Nevertheless, Atenaf Getaneh, on his second visit to Centre Point Addis, which has a total of 11 employees, insists the best feature of the restaurant is its service.
“The food is good, and the price is reasonable, but service trumps them all,” he says after a trip for the main course.
The buffet area is classified into four sections, where European dishes predominate but diners can also find Arabian and traditional Ethiopian cuisine
There with his wife and children, he also finds the restaurant an excellent place for a family night out.
“Teenagers may not be crazy about the place, but it makes for a great family outing,” he says. “Even the background music is tasteful for such a group.”
The background music he discusses is a live orchestra, hired under a contract by Centre Point Addis. A trumpeter, pianist and a guitarist set on the farther side of the restaurant’s stationary platform play to audiences that come by their maximum earshot every 55 minutes.
Aside from the orchestra, the restaurant boasts the usual staff one can find at such an establishment, including waiters, a manager, chefs and hosts. Opening its doors at 6:30pm, it offers customers a buffet where food items change by the day before it closes at the relatively early hour of 10:30pm. The busiest hours are the two hours an hour from opening time.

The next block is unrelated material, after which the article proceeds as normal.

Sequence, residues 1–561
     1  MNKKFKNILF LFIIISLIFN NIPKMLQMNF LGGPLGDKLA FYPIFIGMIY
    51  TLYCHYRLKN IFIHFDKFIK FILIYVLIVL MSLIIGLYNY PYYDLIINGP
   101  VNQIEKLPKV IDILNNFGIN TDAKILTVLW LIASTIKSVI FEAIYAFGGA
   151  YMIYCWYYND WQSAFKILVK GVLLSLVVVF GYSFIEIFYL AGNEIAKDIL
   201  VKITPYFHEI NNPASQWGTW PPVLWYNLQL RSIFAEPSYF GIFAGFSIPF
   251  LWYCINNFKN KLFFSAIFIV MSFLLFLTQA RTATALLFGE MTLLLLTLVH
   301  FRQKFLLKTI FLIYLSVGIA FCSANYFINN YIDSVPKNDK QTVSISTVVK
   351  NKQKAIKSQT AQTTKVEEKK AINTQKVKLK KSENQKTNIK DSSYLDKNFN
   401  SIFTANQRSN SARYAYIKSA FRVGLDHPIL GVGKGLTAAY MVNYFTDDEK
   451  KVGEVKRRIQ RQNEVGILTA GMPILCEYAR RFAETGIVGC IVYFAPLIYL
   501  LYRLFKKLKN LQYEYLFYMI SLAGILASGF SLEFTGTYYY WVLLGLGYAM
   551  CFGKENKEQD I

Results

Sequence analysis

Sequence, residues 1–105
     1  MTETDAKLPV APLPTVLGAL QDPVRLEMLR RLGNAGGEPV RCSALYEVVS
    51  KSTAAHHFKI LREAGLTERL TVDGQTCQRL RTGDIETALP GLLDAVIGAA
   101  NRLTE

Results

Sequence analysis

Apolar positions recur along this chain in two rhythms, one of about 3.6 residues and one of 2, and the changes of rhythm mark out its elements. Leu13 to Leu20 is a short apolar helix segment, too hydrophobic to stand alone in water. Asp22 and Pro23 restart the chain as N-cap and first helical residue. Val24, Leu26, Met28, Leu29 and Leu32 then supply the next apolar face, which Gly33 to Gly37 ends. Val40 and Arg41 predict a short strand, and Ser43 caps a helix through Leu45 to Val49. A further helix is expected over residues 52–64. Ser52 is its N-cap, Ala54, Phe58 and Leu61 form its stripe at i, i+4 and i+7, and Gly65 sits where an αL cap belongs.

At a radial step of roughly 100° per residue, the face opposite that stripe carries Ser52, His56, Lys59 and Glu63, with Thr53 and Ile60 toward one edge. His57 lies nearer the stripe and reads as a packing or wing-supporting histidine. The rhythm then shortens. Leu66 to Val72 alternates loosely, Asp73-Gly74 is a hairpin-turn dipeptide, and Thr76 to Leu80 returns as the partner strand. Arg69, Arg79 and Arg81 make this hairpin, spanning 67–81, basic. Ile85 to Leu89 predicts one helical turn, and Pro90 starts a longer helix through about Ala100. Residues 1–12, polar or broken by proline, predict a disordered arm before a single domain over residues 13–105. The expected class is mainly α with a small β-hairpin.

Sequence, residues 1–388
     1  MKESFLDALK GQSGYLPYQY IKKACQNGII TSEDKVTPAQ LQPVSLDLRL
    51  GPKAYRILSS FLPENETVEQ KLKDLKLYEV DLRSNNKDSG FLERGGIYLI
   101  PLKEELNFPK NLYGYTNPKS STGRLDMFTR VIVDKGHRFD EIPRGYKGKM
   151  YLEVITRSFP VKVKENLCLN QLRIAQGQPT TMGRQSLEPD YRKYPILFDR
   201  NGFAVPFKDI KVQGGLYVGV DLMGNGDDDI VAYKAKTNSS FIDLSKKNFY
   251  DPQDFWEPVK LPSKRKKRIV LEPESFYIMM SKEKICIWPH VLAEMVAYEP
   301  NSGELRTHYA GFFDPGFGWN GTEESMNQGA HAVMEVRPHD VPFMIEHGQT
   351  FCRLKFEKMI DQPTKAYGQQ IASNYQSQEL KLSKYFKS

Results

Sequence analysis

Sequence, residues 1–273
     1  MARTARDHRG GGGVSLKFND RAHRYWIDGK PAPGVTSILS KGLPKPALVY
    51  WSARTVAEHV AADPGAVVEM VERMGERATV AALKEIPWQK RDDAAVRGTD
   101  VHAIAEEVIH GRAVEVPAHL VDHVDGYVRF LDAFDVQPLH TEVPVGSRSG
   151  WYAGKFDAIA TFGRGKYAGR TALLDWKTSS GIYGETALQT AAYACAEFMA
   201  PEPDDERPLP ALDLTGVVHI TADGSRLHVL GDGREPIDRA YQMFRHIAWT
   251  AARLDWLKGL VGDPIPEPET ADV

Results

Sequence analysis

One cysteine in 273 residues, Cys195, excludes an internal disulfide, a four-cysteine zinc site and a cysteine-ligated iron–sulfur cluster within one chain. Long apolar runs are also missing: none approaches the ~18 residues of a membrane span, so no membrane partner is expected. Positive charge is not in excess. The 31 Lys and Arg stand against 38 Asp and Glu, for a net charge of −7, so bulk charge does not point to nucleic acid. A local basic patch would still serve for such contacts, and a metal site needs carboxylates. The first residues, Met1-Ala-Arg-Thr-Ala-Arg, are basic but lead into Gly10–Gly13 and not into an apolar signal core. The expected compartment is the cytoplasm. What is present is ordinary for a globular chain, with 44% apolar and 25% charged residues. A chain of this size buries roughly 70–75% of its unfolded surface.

“Business is good,” relates Martha when she finds the time between managing the staff and catering to the diners. “We spent the first-month marketing through word-of-mouth before diversifying into radio and TV.”
“We invited people from embassies and other organisations for free in the hope that word gets around,” she adds.
And word has gotten around, at least to the duo, including Martha Chernet, seated in the lower area of the dais of the rotating platform. They heard of the restaurant from friends and decided to give it a try.
“I mostly came for the revolving gimmick, it was new to me,” says Martha, who works as a nurse, but felt underwhelmed by the whole experience.
“It rotates so slowly that at some point you completely forget about it,” she explains seated by the window that encloses most of the circular restaurant. “Of course, a different view every other 10 or 15 minutes means that there is something new to talk about.”